Kent Smear Tests At 19-year Low
One in four women in Kent are missing out on smear tests for cervical cancer.
Figures released by the NHS show take-up among women in the county aged between 25 and 64 is at a 19-year low.
Three women a day in the UK die from cervical cancer and it is the most common form of cancer for women under 35
Surveys undertaken by cancer charities point to embarrassment and a lack of understanding of the causes of cervical cancer as possible reasons for the fall in numbers attending.
The number of women dying from cervical cancer has halved over the past 28 years as a result of the NHS screening programme as well as improvement in treatment.
Five thousand women are diagnosed with cervical cancer each year. The majority of them have delayed coming forward for screening.
Lucy Levasseur was diagnosed with cervical cancer 11 years ago. The nurse from Broadstairs said: “I never missed a smear test and all my previous tests had been normal, so I had no expectations of anything being wrong.
"I didn’t have any symptoms and was healthy, happy and very fit. The cancer was extensive and eventually I had to have a hysterectomy.
"I would urge women to make sure they go along for their smear test when they get an invitation - the sooner anything is picked up the sooner it can be treated.”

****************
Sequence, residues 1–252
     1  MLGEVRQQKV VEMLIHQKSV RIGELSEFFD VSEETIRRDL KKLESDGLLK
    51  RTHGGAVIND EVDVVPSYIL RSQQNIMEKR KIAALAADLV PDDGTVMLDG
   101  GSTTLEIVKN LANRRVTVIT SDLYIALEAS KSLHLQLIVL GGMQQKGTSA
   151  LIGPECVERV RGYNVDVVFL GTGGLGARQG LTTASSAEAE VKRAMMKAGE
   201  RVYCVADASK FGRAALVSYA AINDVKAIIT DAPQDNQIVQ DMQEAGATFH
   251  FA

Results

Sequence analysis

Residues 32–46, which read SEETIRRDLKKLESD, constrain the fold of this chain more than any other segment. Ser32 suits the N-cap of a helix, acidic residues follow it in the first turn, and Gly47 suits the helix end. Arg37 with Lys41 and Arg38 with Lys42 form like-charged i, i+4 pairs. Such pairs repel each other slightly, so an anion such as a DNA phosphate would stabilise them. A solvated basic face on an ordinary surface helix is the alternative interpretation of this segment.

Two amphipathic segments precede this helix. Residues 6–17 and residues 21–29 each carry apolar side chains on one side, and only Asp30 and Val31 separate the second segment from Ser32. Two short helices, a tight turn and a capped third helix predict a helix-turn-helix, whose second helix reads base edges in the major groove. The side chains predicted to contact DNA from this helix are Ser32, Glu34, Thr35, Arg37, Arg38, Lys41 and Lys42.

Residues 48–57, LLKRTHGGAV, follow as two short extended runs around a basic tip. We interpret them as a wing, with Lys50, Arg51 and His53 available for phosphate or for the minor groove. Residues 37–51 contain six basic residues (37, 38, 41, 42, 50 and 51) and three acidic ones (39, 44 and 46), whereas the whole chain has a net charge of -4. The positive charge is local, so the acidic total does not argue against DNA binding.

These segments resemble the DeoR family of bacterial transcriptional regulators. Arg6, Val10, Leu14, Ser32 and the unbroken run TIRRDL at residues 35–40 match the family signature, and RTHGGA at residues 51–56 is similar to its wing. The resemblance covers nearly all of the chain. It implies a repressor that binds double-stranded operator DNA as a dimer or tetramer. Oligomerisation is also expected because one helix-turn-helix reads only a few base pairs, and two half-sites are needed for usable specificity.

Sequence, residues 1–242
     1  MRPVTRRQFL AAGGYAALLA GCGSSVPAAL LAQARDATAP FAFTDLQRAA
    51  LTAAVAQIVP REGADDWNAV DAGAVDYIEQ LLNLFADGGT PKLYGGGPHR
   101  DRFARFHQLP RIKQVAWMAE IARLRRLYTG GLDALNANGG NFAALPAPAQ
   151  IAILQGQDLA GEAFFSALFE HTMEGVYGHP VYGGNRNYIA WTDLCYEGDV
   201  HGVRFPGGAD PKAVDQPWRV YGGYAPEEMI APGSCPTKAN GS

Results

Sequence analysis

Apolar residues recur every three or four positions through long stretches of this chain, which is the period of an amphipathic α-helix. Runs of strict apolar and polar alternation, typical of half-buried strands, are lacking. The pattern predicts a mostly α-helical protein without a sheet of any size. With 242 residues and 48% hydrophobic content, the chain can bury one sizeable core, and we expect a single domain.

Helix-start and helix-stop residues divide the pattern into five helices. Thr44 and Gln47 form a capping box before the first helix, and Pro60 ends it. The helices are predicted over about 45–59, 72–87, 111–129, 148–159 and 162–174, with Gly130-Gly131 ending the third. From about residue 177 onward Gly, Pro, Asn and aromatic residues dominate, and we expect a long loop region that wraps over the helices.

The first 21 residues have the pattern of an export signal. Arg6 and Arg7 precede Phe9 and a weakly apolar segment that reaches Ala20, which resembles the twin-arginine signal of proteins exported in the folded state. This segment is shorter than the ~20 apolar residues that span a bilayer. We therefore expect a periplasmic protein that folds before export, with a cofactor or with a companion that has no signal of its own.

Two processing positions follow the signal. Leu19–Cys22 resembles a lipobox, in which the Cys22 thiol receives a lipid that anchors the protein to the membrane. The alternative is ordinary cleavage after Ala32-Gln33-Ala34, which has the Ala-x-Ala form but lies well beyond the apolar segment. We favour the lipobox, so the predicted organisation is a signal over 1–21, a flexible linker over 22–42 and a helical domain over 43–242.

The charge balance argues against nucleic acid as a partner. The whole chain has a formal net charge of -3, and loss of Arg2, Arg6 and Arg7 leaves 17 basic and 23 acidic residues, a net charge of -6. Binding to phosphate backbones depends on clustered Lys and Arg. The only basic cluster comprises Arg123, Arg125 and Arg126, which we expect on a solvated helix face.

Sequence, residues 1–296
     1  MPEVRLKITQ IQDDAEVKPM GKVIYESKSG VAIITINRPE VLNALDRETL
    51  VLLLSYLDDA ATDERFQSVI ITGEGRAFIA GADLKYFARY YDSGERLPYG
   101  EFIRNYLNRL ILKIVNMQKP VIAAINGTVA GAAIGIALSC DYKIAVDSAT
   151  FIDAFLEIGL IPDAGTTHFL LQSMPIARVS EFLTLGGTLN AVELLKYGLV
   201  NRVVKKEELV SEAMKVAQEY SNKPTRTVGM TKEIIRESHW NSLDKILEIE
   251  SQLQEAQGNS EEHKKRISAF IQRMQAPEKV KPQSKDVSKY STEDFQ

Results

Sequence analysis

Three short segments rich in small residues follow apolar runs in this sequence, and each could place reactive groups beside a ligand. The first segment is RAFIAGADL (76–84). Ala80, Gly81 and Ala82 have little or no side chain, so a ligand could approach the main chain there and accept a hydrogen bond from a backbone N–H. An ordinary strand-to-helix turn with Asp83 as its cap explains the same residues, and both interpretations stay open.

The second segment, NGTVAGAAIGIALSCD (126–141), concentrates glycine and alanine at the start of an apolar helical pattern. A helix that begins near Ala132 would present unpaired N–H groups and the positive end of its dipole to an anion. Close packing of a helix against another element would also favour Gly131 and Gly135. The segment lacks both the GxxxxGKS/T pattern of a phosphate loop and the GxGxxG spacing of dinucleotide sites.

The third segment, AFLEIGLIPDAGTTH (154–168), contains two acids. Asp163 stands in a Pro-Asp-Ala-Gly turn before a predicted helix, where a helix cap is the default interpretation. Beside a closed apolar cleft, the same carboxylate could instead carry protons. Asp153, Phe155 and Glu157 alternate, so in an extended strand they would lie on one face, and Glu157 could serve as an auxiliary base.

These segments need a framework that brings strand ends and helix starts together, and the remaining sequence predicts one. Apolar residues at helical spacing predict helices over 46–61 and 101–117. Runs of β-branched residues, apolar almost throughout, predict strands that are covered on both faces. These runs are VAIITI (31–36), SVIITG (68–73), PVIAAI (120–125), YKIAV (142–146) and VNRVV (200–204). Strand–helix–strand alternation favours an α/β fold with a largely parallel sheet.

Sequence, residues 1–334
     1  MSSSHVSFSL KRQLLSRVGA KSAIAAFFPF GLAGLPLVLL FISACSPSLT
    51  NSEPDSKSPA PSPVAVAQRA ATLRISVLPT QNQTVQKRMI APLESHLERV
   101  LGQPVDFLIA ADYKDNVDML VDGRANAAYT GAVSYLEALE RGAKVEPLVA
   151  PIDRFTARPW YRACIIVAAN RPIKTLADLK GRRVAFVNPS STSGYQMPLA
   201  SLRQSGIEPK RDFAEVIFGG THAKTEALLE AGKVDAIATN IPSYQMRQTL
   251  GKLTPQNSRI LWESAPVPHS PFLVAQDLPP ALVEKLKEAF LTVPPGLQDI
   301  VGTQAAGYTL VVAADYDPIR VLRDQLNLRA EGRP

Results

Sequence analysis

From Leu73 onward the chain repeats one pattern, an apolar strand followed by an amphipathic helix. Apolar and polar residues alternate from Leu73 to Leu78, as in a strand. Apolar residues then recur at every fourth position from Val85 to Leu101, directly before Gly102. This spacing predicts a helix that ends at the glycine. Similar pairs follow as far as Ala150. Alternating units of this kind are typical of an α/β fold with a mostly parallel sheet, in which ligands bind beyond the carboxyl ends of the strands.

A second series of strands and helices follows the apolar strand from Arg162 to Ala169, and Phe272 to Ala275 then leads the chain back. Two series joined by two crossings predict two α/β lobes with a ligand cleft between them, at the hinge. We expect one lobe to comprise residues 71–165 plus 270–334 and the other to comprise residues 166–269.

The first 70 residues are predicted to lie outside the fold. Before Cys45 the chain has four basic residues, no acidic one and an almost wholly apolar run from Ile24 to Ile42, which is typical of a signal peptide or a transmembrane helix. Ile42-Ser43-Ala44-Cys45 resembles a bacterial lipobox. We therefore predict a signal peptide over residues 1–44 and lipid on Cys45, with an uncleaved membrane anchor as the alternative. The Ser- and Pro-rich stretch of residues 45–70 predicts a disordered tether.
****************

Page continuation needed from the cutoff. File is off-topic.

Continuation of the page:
GP and NHS England Deputy Medical Director for the South East Dr Alison Taylor said “We have noticed a fall in attendance of younger women over the past few years, and this decline in attendance for screening is now linked to showing a rise in the incidence of cervical cancer in women under 35.”
Robert Music, Chief Executive for Jo’s Cervical Cancer Trust said: "The number of women in England attending smear tests is at a 19 year low and the number of women being diagnosed with cervical cancer is worryingly high.
"In Kent one in four women did not attend their smear test when invited last year and we simply cannot afford for this to continue.
“Smear tests prevent against 75% of cervical cancers and provide the best protection against the disease. I would encourage every woman to attend this potentially life-saving test when invited and hope that people in Kent will join our #SmearForSmear campaign to raise awareness of smear tests.”
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